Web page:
For example here if you see that there is an L is formed by a bunch of bees look at the same kind of simile the left hemispheres because it starts breaking it down into components will tell you that there is a bunch of bees in the right hemisphere on the other hand which has to look at the particular stimuli holistically will tell that it is just the later L. now you are seeing that is one stimulus that is being looked at differently by the two hemispheres depending on the style of processing that each of these hemispheres brings in.
This is pretty much what one of the basic explanations of hemispheric specializations, is put forward. Obviously, there are other theories as well but this is something that is commonly put forward.
Lobes of the Cerebral Cortex
Now let us move towards the lobes of the cerebral cortex we talked about the frontal, the temporal, the parietal, and the occipital lobes, let us talk about these lobes in a bit more detail. Now, these lobes are the cerebral cortex basically can be divided into several smaller lobes, which are the lobes we actually talked about.
Now let us look at this figure you can see very clearly the parietal lobe, the frontal lobe, the occipital, and the temporal lobes. And you can also see that there are these areas the somatic sensory area. The primary motor area and the visual area which is actually lying in each of these lobes.
Now let us talk about what the frontal lobes do. The frontal lobes basically are associated with higher mental abilities and they play a role in your senses of self say for example that idea I am somebody and these are my characteristics this is my behavior this is how I decide, this is my style of thinking all of this basically is and the sense of memory and that because memory provides you the sense of continuity that I am this person five years ago and five years hence I will be the same person is basically done by the frontal lobes.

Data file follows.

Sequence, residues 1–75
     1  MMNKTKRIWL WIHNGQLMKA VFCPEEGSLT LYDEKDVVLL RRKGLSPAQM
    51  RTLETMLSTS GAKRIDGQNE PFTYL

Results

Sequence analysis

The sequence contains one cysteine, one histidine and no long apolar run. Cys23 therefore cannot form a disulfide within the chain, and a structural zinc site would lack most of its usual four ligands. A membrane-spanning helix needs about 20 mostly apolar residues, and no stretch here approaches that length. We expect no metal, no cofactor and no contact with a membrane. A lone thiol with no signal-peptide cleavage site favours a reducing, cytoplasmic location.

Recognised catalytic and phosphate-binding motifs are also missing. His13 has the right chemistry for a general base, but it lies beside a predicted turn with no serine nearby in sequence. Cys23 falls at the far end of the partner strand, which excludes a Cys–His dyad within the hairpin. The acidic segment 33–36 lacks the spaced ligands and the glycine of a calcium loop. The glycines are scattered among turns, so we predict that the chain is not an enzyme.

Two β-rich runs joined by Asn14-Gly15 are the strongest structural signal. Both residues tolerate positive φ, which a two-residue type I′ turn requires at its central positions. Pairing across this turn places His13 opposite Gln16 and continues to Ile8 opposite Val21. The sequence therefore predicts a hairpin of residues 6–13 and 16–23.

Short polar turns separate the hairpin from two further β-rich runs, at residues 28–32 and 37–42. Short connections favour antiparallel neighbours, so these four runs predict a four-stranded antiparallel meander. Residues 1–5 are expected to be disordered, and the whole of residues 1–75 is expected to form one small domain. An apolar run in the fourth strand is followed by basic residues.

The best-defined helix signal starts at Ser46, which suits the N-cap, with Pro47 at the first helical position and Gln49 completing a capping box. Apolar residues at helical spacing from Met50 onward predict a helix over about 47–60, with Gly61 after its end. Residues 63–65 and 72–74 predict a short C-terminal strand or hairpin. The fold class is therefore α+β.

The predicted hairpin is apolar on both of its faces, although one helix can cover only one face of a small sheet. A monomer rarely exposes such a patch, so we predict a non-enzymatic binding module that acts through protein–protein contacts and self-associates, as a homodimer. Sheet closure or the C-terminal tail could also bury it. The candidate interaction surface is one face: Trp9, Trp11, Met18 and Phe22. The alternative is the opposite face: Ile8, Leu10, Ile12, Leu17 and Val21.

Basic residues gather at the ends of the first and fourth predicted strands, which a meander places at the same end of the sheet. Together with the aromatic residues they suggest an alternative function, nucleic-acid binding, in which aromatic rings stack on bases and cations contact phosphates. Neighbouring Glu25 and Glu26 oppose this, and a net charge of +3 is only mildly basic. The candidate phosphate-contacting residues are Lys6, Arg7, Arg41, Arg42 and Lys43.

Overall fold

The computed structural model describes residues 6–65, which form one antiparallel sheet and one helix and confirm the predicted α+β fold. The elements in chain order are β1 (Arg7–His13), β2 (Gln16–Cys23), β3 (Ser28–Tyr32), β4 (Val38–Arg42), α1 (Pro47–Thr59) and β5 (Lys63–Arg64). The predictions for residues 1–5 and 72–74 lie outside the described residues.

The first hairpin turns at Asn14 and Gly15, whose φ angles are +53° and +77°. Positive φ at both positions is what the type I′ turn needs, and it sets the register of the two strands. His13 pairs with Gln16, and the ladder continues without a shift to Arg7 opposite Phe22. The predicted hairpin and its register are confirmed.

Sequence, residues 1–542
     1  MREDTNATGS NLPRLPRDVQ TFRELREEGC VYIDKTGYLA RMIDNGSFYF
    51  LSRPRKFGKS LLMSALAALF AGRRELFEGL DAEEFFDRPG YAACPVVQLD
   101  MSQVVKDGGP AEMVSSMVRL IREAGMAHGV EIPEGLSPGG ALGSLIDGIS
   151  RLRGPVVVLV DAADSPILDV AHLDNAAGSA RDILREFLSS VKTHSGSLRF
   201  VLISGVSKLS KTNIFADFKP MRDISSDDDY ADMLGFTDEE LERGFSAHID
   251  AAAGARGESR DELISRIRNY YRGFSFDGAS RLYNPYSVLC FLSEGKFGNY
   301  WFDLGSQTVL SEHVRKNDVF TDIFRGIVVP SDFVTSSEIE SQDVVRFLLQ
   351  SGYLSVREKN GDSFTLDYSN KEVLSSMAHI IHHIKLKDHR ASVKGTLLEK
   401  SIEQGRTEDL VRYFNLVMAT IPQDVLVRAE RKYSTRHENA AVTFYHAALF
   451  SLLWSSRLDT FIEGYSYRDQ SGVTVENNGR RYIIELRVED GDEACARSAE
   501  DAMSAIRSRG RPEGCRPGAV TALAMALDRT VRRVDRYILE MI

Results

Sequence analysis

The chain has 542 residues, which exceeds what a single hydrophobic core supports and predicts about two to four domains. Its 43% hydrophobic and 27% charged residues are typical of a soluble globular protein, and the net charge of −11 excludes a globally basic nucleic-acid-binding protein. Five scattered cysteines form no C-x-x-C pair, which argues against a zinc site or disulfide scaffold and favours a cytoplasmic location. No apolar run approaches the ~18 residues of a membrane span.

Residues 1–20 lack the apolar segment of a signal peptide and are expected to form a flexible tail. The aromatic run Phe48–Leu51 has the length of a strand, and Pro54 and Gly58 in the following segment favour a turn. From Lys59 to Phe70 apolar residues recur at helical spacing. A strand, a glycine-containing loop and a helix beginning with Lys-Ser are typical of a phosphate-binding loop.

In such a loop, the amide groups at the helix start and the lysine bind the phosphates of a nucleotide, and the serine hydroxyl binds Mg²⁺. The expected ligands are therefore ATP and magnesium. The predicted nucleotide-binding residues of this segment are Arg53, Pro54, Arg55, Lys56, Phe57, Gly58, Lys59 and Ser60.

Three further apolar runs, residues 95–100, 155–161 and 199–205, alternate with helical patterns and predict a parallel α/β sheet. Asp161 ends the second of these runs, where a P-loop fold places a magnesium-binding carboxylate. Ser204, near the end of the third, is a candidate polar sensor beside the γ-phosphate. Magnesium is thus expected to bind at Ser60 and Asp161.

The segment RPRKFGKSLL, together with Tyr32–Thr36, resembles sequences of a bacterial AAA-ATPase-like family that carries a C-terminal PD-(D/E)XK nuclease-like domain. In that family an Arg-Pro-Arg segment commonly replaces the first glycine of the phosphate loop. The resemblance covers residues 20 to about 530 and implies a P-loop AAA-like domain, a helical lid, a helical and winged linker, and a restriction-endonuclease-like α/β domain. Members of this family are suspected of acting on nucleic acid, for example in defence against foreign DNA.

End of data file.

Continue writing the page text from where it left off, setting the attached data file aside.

The frontal lobes are also important for movements and arch of tissue basically near the rear of the frontal lobes is called the primary motor cortex, you can see it right here is basically called the motor cortex, it is basically for controlling and directing various kinds of movement that the body makes there is this area in this primary somatic and this area is called a primary somatic cortex which is the homunculus map which represents the dexterity of the body with respect to different areas of the body.